Gruff Rhys - Babelsberg - Albums - Reviews - Soundblab

Gruff Rhys - Babelsberg

by Bill Golembeski Rating:9 Release Date:2018-06-08
Gruff Rhys - Babelsberg
Gruff Rhys - Babelsberg

Babelsberg is a highly melodic orchestrated pop record, replete with backing vocals and the occasional rock coloring.

The big cinematic sound is a solo far cry from Rhys’ mothership, The Super Furry Animals, whose own sound is a love fest with The Beach Boys, The Beatles, and late 60’s Kinks, plus a dash of electronics. None other than Sir Paul McCartney is rumored, not only to be alive and well, but to have crunched celery and carrots on the song “Receptacle for the Receptacle” from the band’s Rings Around the World album. Apparently, his vegetable chewing was a reprise for Sir Paul, as he, once upon a pop masterpiece time, crunched in time to Brian Wilson’s tune “Vegetables” on the aborted Smile record.

But that’s history. This heavy orchestrated pop sound is (another) far cry from Rhys’ previous albums. That said, this is a wonderfully tuneful set of songs that conjure the best of late 60’s Baroque rock music. Love’s classic Forever Changes certainly come to mind, as does The Moody Blues’ Days of Future Past.

“Frontier Days” swirls with the big strings, and (at least to these ears) has a vocal that sounds like the smooth voice of the great Kevin Ayres gliding effortlessly through a confident melody. But then the lyrics voice an odd juxtaposition because this “Frontier Man is on the frontier of delusion.” Oh, and there is a “nightmare of existence.” In a way, this song reminds me of The Kinks’ “Apeman,” except, this time, there is no escape from “the motor traffic rumble.”

That could be a problem, what with the no exit sign on the door. But the tune’s melody is so infectious, and perhaps, it’s a bit of a lifeboat. In fact, this entire record may be a pair of those inflatable water wings that lets us all bob with security against the next big inevitable wave.

“The Club” also swirls with grand pop design, yet the lyrics talk about being “thrown into the darkest alley.” Odd. The music is in such juxtaposition with the lyrics. And the song recalls the absolute intense beauty of Phil Ochs’ last-ditch attempt at sanity with his song “Another Age” from his classic album of final despair, Rehearsals for Retirement. “Oh Dear!” is even more upbeat, with a bass line that bounces around the universe as Rhys’ urgent voice pleads for that same sanity that tantalized dreamy Phil Ochs and his quest for democracy.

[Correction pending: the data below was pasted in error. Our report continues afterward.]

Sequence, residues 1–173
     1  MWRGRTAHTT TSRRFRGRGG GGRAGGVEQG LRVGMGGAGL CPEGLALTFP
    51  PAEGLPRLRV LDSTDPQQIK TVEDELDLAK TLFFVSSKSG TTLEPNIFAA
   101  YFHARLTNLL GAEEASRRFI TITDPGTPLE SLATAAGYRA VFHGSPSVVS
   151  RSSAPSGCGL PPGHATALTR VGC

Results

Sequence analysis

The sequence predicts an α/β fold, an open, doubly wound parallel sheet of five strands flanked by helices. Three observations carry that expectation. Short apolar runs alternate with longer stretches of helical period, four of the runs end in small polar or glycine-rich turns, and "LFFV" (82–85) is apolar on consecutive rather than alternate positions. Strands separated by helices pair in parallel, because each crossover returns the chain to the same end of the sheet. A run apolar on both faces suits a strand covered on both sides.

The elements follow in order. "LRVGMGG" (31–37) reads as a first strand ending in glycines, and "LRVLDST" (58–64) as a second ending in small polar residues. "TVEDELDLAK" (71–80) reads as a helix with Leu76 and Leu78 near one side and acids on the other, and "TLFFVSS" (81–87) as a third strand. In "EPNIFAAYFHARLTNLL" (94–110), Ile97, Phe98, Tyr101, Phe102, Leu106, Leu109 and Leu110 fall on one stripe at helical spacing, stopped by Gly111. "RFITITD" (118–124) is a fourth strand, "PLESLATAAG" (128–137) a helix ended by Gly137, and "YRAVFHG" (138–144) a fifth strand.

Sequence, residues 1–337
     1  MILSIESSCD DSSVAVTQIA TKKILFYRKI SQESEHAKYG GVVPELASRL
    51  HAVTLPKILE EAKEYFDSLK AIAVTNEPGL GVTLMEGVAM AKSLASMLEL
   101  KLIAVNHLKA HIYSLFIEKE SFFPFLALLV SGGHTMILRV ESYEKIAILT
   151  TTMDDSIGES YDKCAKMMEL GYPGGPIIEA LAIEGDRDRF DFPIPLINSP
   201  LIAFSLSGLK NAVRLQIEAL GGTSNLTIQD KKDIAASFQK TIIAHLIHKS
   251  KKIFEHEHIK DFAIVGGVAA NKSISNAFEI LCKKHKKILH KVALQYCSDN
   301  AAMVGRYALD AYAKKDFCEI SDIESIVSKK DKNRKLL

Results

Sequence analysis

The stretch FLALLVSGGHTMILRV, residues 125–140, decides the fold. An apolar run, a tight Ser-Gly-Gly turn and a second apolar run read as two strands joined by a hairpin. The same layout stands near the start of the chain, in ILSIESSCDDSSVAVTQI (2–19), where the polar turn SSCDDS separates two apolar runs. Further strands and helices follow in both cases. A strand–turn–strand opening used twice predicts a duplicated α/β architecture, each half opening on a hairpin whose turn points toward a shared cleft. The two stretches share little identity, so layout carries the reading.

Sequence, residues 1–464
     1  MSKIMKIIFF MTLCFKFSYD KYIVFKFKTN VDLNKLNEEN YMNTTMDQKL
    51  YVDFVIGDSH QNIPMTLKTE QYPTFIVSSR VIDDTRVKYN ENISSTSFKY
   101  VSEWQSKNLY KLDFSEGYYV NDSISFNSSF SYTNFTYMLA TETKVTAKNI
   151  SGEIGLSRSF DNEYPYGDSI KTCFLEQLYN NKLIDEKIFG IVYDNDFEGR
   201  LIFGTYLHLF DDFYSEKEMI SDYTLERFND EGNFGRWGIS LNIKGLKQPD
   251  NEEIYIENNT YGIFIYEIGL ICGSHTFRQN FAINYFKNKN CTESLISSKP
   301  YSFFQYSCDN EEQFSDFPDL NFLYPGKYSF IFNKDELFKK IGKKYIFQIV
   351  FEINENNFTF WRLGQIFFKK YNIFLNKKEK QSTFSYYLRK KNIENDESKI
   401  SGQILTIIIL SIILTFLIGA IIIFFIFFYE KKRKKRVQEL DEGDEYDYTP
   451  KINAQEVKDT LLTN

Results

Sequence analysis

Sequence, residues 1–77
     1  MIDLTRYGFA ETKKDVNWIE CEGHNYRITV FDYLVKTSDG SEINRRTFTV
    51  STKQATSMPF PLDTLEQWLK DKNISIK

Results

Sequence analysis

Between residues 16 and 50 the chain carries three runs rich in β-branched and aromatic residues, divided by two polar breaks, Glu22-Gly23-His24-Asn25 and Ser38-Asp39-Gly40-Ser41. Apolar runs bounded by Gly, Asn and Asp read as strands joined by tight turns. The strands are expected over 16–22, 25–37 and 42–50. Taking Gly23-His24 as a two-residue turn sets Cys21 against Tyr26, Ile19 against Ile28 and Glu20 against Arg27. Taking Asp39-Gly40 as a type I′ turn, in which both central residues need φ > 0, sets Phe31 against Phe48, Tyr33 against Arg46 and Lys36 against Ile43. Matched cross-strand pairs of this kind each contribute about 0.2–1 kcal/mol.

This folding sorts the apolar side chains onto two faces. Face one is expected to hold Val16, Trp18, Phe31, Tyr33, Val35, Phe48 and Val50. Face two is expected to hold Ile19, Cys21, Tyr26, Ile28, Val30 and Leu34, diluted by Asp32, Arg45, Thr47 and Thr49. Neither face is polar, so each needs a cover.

Rock music tantalizes the world with impossible grapes.

And it should always do just that.

But the wonderful melodies persist against the frontier of reality. “Limited Edition Heart” is catchy pop music with those big backing vocals and equally big orchestration. A guitar is suddenly unleashed, and it grounds the helium music with a rock ‘n’ roll tether. “Take the Call,” is again impossibly tuneful, and actually recalls “Eleanor Rigby.” But there is more electric guitar, so all is quite right with the world. “Drones in the City” is slow, airy, and spooky, as is our modern world with eyes everywhere. It’s a beautiful song.

“Negative Vibes” is acoustic and rolls easily off a folk singer’s tongue. Such irony, and it’s a powerful cure for those “Acute Schizophrenia Paranoia Blues” about which (to mention him again) Sir Raymond Douglas Davies is always singing. The song grabs at those impossible grapes. And, quite frankly, it’s drinking from the same 60’s melodic fountain as (the great) Bevis Frond.

Three songs finish the album. “Same Old Song” talks of “coughing blood on an American tour,” while the tune is pleasant (and even hummable) to a fault. The pace and the falsetto recall the soul of The Band’s Richard Manuel. It’s lovely, and those strings simply soar. “Architecture of Amnesia” is, once again, slow with staccato drama. This is sublime pop music.

And there is the necessary (and lovely) duet with Lily Cole on the finale of “Selfies in the Sunset.” Heroes no longer save the world and ride into the sunset; no, now we simply take photos of ourselves and call it a day.

So, this album is framed in the grandeur of big strings and huge sonic promises, much like its namesake reference, the Tower of Babel, which of course, had human hubris as its cornerstone, a cornerstone that is a continuous rhyming archeological dig for homo sapiens just about everywhere. Perhaps that’s the point: This is truly beautiful music that wraps its dramatic notation around everyday stuff like delusion, darkest alleys, negative vibes, and blood. You know, a big Beatle like Sir Paul could have, in reciprocation for The Super Furry Animals’ help with his Liverpool Sound Collage, produced, sang, or at least played piano on some tune. But the guy who gave the world “Yesterday” simply chewed celery and carrots.

And that’s exactly what this album does. It is glorious music that manages to sing the praises of celery, carrots, and all the other vegetables everywhere, vegetables that have soul, vegetables that rock, vegetables that feed the rabbits, vegetables that sing right out loud, vegetables that ride on the highways, vegetables that keep us healthy, and ultimately, all the vegetables that, quite simply desire like everything in everyday life (with big fanfare and in a very rock ‘n’ roll way), to be crunched and chewed in time to a beautiful bit of music every once in a while.

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